Posted on April 15, 2023 by nexonhost
How To Use Free Command.
The free command provides information about the total amount of the physical and swap memory, as well as the free and used memory.
In Linux systems, you can use the free command to get a detailed report on the system’s memory usage.
How much free RAM memory do I have available on my Linux system? Is there enough free memory to install and run new applications?
How to Use the free Command
The syntax for the free command is as follows:
When used without any option, the free command will display information about the memory and swap in kibibyte. 1 kibibyte (KiB) is 1024 bytes.
The output will include three lines, a header, one line for the memory and one for the swap:
total used free shared buff/cache available Mem: 5943436 249356 4913988 82424 780092 5295168 Swap: 2046972 0 2046972
In older Linux versions, the output may be slightly different.
Here’s what each column mean:
total – This number represents the total amount of memory that can be used by the applications.
used – Used memory. It is calculated as: used = total – free – buffers – cache
free – Free / Unused memory.
shared – This column can be ignored as it has no meaning. It is here only for backward compatibility.
buff/cache – The combined memory used by the kernel buffers and page cache and slabs. This memory can be reclaimed at any time if needed by the applications. If you want buffers and cache to be displayed in two separate columns, use the -w option.
available – An estimate of the amount of memory that is available for starting new applications, without swapping.
Showing Memory Usage in Human Readable Format
By default, the free command shows the memory information in kibibyte. To view the information in human-readable format (usually megabytes and gigabytes), use the -h option:
total used free shared buff/cache available Mem: 5.7G 240M 4.7G 80M 761M 5.1G Swap: 2.0G 0B 2.0G
Showing Memory Usage in Other Metrics
The free command also allows you to specify the unit in which the memory is measured. Valid options are:
-b, –bytes – Display output in bytes.
–kilo – Display output in kilobytes (1KB = 1000bytes).
–mega – Display output in megabytes.
–giga – Display output in gigabytes.
–tera – Display output in terabytes.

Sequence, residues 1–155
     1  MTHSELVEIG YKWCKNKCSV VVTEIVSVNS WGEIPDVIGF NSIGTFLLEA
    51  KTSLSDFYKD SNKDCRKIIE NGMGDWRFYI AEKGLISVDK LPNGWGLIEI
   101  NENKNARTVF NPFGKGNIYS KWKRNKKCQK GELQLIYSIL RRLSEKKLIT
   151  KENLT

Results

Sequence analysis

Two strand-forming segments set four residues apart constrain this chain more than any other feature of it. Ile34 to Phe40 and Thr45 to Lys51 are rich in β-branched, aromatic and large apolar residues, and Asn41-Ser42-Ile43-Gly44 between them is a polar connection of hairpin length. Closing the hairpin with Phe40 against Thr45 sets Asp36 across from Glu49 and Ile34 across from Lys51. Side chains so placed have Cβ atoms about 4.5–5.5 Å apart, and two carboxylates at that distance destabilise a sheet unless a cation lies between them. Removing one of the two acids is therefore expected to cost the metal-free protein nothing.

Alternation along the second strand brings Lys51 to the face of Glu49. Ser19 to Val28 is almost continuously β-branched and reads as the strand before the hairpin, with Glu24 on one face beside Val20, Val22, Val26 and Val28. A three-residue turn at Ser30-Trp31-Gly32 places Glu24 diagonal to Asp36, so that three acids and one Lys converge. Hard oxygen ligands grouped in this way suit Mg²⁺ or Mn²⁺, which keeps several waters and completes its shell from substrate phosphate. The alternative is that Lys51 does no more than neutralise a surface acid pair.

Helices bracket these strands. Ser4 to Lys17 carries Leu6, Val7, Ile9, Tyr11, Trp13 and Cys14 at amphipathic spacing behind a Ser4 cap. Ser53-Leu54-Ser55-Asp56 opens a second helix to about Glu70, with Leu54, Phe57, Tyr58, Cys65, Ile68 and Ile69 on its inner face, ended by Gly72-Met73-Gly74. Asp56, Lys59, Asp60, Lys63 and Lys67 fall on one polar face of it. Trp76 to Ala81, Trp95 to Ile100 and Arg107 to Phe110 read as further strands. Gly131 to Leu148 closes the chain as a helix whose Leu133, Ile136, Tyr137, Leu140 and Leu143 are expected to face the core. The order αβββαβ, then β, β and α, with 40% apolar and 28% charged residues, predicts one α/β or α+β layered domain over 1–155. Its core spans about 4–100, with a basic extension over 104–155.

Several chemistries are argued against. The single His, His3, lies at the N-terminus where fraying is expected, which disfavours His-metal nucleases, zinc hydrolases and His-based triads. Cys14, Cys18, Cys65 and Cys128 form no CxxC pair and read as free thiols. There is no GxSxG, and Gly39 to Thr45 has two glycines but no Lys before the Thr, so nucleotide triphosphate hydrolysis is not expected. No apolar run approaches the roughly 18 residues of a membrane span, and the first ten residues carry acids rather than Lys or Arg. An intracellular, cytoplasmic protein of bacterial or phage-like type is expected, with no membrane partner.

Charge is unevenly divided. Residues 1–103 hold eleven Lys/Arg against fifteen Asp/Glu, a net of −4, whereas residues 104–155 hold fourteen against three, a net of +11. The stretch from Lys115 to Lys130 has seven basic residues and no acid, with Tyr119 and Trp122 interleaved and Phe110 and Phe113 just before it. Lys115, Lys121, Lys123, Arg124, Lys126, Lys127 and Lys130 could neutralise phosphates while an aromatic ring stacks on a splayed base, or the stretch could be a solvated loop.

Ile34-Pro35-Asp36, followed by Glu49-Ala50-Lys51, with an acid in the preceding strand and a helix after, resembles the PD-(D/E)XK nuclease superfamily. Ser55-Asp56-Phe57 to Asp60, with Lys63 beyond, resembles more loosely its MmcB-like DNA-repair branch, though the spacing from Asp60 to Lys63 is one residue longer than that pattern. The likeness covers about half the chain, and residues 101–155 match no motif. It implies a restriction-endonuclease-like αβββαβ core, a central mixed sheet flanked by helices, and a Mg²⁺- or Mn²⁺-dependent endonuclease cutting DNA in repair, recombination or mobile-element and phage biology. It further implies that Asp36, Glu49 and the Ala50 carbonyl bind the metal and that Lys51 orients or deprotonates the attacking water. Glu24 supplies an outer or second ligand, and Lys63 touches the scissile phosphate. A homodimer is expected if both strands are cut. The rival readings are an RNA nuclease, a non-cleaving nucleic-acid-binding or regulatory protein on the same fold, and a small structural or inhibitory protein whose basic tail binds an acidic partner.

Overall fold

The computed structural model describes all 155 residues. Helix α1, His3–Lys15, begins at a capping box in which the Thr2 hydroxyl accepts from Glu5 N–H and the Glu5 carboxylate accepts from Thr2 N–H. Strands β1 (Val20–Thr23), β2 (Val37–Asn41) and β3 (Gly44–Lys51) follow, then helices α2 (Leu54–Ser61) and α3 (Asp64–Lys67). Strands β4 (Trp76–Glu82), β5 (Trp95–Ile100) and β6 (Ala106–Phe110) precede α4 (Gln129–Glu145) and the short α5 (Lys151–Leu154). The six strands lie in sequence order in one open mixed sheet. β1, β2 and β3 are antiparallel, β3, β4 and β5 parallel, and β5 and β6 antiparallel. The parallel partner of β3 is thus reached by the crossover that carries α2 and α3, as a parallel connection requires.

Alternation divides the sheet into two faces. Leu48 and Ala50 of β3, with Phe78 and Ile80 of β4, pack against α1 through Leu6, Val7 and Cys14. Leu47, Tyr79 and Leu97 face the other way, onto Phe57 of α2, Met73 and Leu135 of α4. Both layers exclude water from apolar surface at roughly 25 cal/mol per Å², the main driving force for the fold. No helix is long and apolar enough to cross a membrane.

-k, –kibi – Display output in kibibytes. (1KiB = 1024bytes). This is the default unit.
-m, –mebi – Display output in mebibytes.
-g, –gibi – Display output in gibytes.
–tebi – Display output in tebibytes.
–peti – Display output in pebibytes.
–si – Instead of 1024, use powers of 1000. For example –mebi –si is equal to –mega.
For example, to show the output in megabytes, you would type:
total used free shared buff/cache available Mem: 5804 240 4802 80 761 5174 Swap: 1998 0 1998
Showing the Column Totals
To display a line showing the column totals, use the
-t option. This gives you a sum of the memory and swap in the total, used and free columns.
free -h -t
total used free shared buff/cache available Mem: 5.7G 240M 4.7G 80M 761M 5.1G Swap: 2.0G 0B 2.0G Total: 7.6G 240M 6.6G
Continuously Print the Output
To continuously display the memory information on the screen, invoke free with the
-s (–seconds) option followed by a number that specifies the delay.
For example, to print the memory information every five seconds you would run:
free -s 5
The free command will continue to display the result until you press CTRL+C. This is similar to the behavior of the watch command .
To display the result for a specific number of times, use the -c (–count) option. In the example below the command will print the result ten times:
free -s 5 -c 10
We have shown you how to use the free command to check the system’s memory usage and interpret the command output. To view all available options type man free in your terminal.